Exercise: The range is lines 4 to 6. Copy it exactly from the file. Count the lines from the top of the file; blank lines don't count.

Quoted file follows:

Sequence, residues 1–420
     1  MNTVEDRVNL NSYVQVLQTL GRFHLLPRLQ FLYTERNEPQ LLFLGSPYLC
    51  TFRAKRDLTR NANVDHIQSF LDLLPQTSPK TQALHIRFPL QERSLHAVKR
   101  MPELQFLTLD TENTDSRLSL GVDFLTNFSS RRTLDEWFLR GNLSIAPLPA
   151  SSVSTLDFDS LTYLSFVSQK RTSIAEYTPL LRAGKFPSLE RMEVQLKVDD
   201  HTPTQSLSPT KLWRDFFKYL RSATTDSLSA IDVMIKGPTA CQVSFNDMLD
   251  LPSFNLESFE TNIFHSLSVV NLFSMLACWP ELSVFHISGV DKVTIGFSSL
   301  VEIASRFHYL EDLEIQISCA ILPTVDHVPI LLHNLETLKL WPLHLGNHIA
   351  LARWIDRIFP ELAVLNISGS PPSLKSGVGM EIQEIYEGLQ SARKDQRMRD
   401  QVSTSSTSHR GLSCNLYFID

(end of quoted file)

   101  MPELQFLTLD TENTDSRLSL GVDFLTNFSS RRTLDEWFLR GNLSIAPLPA
   151  SSVSTLDFDS LTYLSFVSQK RTSIAEYTPL LRAGKFPSLE RMEVQLKVDD
   201  HTPTQSLSPT KLWRDFFKYL RSATTDSLSA IDVMIKGPTA CQVSFNDMLD